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What Is an Internal Medicine Clerkship?

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  • Written By: Clara Kedrek
  • Edited By: Jessica Seminara
  • Last Modified Date: 20 November 2016
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An internal medicine clerkship is a part of the clinical education of students in certain health care fields. People studying to become medical doctors, doctors of osteopathy, and physician assistants all might participate in internal medicine clerkships as part of their training programs. The clerkship exposes students to the field of internal medicine, providing them information that might help them to decide if they want to pursue this career path. Students learn how to take care of adult diseases, many of which affect numerous systems of the body. Although an internal medicine clerkship often takes place in a hospital setting, in other cases students could undertake this educational experience in an outpatient setting.

One main purpose of an internal medicine clerkship is to expose students to the discipline of internal medicine, and help them to decide if this might be a field of study they want to pursue. Internal medicine focuses on providing general health care to adults. Doctors who study internal medicine can be general practitioners, and take care of patients in inpatient and outpatient settings. They could also specialize in fields such as cardiology, hematology, or infectious disease, thus helping to manage more complicated diseases in these fields. Although doctors who study internal medicine can perform some interventional procedures, they do not perform surgeries.

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Commonly, an internal medicine clerkship might take place in a hospital setting. Often a team of doctors and students take care of a group of patients. The team is often led by an attending doctor, who is often a professor or instructor associated with the medical school attended by the students. During the clerkship, the students learn how to obtain histories from patients, do physical exams, interpret laboratory data, understand results from radiologic studies, and design plans outlining how to best treat patients. They also learn other valuable skills, such as how to make oral presentations and how to professionally interact with real patients.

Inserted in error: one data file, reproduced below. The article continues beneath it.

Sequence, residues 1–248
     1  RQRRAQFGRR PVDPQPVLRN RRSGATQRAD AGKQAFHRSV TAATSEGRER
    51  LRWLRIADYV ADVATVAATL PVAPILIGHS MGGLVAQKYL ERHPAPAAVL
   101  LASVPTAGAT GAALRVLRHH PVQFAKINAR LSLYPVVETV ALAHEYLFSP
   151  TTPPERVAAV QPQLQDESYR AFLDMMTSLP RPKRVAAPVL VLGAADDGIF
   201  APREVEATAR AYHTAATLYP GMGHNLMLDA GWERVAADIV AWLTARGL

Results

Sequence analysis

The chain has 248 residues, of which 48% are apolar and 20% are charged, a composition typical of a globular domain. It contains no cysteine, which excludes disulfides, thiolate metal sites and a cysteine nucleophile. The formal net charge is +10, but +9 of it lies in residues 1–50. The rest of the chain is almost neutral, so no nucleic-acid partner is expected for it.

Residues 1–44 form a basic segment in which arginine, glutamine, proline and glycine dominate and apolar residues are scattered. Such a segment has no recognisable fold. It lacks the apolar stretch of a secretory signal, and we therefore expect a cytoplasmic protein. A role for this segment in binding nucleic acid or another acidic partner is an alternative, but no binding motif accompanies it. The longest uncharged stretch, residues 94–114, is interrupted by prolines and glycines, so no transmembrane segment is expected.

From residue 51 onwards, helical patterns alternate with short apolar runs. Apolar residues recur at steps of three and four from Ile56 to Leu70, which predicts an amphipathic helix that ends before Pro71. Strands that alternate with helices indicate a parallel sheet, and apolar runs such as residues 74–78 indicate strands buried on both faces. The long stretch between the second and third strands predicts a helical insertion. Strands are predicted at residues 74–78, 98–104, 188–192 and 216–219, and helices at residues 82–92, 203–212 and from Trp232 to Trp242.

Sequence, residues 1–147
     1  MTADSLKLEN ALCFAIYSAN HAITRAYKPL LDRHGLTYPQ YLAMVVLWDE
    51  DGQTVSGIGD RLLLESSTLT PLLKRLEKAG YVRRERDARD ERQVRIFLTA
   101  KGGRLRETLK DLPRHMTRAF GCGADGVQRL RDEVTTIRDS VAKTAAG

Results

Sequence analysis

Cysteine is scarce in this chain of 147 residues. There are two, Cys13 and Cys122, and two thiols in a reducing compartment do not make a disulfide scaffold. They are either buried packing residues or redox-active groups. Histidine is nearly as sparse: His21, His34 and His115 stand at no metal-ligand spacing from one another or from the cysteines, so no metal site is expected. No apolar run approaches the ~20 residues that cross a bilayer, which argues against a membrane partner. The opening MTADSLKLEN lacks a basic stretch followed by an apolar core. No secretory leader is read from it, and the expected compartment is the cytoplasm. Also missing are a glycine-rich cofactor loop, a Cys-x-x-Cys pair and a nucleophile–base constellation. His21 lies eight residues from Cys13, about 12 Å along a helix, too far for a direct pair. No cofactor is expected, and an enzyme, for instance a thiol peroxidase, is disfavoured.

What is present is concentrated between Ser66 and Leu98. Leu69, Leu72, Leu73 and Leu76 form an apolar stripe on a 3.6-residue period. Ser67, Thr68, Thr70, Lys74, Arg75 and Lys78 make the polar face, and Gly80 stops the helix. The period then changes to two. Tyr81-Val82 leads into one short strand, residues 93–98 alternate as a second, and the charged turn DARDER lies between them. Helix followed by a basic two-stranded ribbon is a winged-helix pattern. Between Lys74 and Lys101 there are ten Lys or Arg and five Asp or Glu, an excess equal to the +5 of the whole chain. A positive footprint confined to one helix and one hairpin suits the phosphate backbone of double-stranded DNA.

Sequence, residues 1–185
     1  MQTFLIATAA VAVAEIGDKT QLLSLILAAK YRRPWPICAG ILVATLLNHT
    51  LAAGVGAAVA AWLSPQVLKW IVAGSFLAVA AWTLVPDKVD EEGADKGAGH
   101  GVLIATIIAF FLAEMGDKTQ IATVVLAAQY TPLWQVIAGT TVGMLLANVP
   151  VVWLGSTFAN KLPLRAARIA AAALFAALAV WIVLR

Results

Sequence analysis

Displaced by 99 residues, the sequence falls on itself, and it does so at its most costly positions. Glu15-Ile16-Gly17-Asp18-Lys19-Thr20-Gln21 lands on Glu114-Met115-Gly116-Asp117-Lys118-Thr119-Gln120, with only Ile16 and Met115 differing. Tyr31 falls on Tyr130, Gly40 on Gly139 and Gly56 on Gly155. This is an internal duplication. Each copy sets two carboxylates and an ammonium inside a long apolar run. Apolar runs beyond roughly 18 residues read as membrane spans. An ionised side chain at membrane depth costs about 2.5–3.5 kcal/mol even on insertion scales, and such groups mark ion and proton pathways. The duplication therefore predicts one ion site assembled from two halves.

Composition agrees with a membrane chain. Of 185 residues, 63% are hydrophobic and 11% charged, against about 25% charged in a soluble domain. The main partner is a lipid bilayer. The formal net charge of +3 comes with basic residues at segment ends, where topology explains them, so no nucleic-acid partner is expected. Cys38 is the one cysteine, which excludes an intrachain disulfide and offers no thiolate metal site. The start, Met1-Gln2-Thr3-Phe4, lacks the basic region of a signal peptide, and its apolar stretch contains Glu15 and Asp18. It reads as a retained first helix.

In other cases, an internal medicine clerkship could take place in an outpatient setting, such as a clinic. A student might be paired with a physician, working closely with this professional while seeing patients coming in for their clinic visits. Working in the outpatient setting teaches students how to manage chronic conditions, as opposed to working in the hospital, where they learn how to treat acute medical problems. Many of the other skills gained from an outpatient clerkship would be similar to an inpatient experience.

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